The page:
But at least we know that Borowski can close games, which is a good insurance policy to have. Now if Wedge can just break himself of the habit of riding one or two relievers for huge chunks of the season.
3. Can Jhonny Peralta rebound?
In 2005, Peralta was very nearly the total package. He hit for power, setting a single-season record for homers by an Indians shortstop. He hit for average, he showed good plate discipline and, after a shaky April, was competent defensively. His first full season in the majors earned him a five-year contract extension.
Then 2006 arrived and it all came crashing down: Brutal defense, backsliding offense and an attitude that screamed "I don't have to prove myself anymore."
By midseason, Peralta was becoming the bane of Wedge's existance. He went so far as to openly rip Peralta in the media on several occasions. If you know the company line-embracing Wedge we all do, you know that's way out of character for him.
This year, few players are at a bigger crossroads than Peralta. He is right back where he was at the start of '05, needing to prove himself.
As of right now, the Indians have no real fallback if Peralta stumbles. The backup shortstop is Hector Luna and prospect Asdrubal Cabrera is not ready for prime time. So, much like last year, the Indians have a lot riding on Peralta. Hopefully he comes to spring training ready to play, otherwise the Indians are going to be scrambling for a new shortstop.
4. Is Ryan Garko the real deal?
Garko took the Indians and their fans by storm in the second half of last year. After Ben Broussard and Eduardo Perez were both pawned off in midseason, Garko took the first baseman's job and ran with it.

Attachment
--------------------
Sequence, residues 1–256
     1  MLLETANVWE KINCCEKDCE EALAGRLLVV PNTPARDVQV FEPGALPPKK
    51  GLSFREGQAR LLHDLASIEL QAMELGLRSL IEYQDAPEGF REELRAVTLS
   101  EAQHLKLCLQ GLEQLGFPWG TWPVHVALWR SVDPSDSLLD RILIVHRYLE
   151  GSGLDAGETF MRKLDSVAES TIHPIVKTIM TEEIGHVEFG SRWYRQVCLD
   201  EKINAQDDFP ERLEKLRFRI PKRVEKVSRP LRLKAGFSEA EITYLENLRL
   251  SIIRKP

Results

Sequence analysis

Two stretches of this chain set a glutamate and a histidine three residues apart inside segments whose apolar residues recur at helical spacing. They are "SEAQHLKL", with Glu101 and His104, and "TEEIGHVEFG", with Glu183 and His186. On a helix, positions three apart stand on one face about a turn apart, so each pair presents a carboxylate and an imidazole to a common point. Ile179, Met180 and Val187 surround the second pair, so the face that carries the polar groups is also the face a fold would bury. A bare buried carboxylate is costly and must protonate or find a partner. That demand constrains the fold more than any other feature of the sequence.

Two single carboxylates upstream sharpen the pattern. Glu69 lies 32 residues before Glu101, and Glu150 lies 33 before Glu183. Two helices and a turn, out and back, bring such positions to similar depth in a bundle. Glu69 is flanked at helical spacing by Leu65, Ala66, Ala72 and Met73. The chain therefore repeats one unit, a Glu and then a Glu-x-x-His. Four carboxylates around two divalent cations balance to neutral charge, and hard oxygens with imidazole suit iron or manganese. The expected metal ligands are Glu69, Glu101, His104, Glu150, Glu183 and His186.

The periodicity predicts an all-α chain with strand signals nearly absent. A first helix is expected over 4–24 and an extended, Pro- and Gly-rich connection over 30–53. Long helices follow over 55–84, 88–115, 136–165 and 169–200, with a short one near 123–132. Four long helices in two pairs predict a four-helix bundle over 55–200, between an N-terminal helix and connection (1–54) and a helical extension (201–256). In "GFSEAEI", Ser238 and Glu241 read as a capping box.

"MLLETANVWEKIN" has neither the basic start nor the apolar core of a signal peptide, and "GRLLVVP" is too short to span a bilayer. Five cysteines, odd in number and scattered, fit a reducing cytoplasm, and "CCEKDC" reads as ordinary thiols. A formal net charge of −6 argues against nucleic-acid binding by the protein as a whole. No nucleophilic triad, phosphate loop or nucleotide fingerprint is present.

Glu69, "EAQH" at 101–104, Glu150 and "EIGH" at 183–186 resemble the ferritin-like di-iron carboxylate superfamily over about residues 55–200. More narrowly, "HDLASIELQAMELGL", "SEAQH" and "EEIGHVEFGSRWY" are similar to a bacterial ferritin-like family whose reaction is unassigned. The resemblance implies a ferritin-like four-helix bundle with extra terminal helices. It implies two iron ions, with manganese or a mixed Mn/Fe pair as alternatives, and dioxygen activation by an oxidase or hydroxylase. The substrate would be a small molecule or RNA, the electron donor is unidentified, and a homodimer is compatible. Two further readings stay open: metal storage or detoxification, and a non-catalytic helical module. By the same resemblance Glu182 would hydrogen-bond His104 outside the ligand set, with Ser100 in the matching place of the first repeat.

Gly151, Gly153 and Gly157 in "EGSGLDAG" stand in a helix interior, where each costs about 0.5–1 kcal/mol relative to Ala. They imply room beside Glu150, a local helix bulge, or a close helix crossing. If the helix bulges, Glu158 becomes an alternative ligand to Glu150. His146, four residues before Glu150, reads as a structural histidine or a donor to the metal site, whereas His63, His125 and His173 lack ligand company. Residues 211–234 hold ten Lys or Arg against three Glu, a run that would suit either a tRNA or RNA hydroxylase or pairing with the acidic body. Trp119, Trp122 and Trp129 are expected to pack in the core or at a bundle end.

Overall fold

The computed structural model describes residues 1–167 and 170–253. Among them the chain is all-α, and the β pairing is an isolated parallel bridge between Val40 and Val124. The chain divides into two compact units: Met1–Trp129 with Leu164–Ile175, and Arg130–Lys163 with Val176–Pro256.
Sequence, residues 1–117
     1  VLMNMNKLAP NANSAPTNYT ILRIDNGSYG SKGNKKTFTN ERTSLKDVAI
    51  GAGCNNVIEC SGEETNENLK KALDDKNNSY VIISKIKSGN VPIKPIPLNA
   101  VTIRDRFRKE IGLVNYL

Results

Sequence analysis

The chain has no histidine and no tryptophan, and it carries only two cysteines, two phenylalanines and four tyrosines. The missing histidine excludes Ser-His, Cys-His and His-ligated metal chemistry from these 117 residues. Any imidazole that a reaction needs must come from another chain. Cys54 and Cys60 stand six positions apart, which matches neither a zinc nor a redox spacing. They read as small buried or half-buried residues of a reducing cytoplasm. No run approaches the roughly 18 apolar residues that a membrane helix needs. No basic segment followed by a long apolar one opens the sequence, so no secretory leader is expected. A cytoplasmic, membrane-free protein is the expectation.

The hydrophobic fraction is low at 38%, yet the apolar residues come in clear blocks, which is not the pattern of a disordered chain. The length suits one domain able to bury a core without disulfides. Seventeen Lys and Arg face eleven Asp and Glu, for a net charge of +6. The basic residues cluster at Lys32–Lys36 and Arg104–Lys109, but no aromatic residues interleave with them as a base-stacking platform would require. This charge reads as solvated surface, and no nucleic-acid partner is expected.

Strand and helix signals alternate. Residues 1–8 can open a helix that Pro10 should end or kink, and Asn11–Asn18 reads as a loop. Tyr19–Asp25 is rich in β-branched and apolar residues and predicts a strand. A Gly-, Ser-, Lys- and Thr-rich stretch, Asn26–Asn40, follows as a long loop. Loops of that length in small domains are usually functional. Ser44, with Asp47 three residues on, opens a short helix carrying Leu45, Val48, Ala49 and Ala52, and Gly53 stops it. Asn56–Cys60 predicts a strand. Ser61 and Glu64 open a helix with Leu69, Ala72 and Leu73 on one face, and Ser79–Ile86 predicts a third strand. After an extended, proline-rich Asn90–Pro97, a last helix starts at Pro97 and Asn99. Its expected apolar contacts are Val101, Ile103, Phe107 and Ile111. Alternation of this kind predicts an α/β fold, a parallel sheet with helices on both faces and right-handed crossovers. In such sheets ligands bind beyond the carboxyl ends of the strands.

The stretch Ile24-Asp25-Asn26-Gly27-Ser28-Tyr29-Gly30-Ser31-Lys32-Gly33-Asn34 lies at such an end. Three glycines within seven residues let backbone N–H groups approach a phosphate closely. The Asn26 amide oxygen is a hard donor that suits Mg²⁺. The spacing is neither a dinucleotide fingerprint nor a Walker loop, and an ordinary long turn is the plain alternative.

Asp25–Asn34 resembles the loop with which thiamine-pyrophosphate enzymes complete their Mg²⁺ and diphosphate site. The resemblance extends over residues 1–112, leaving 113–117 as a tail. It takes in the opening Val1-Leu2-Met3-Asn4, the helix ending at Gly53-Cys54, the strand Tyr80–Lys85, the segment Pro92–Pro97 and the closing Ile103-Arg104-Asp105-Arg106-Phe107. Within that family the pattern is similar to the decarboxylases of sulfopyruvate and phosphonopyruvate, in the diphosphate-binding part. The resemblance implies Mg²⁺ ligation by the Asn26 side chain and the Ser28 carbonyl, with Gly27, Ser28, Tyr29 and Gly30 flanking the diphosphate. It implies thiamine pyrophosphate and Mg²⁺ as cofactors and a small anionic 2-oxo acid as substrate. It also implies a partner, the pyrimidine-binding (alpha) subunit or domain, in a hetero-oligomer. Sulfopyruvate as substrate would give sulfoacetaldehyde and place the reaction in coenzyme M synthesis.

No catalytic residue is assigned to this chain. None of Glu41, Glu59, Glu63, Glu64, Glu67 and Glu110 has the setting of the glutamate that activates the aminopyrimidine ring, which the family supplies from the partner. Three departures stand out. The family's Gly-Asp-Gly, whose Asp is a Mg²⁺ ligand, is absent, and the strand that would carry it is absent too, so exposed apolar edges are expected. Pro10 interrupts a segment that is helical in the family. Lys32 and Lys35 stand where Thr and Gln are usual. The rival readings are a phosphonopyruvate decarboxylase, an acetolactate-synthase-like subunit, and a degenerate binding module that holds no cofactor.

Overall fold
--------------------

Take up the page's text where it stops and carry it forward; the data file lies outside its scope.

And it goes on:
He drove in 45 runs in 50 games and quickly became every Tribe fans' favorite underdog. And his reward for that is ... to likely start the season on the bench.
Few moves this offseason have generated more controversy than the move the Indians haven't officially made yet. As of now, the plan is to platoon Garko with Casey Blake at first. Blake will get the lion's share of at-bats at first base, starting there against right-handed pitchers. Against lefties, Blake will move to right field and Garko will start at first.
Most fans can't believe the potentially-potent bat of Garko will be relegated to part-time duty in favor of giving Blake -- long accused of being a managerial lap dog -- a fulltime gig. But Garko has more control that we might realize.
All Garko has to do is continue to hit the snot out of the ball. If he does that, even the most ardent Blake supporter will concede that Garko needs to be in the lineup every day.
All he has to do is prove himself and keep doing it. What a novel concept, eh, Jhonny?
5. Is Andy Marte the real deal?
He had better be, because if Marte can't stay in the lineup, it's going to mess up a lot of other things for this team.
The Indians committed 100 percent to Marte as their third baseman of the future when they dealt Kevin Kouzmanoff to the Padres for Barfield. You'd like to think that was based more on what Marte has accomplished than what the Indians gave up (and blew up) to get him.
So far, Marte has shown Cleveland fans that he could be a Gold Glover at third. He should also hit for some pretty decent power for a corner infielder. But his ability to get hits is going to determine whether he can become a rock at the hot corner. To that end, there is some work to be done.
Marte hit .226 for the Indians last year, and is a career .204 hitter in parts of two seasons with the Braves and Indians. It's a small sample, too small to really get an accurate gauge. But let's just hope it's growing pains and not an accurate depiction of the type of major-league hitter Marte will be.
If Marte is Brooks Robinson in the field and Russell Branyan at the plate, it's not going to add up to long-term success.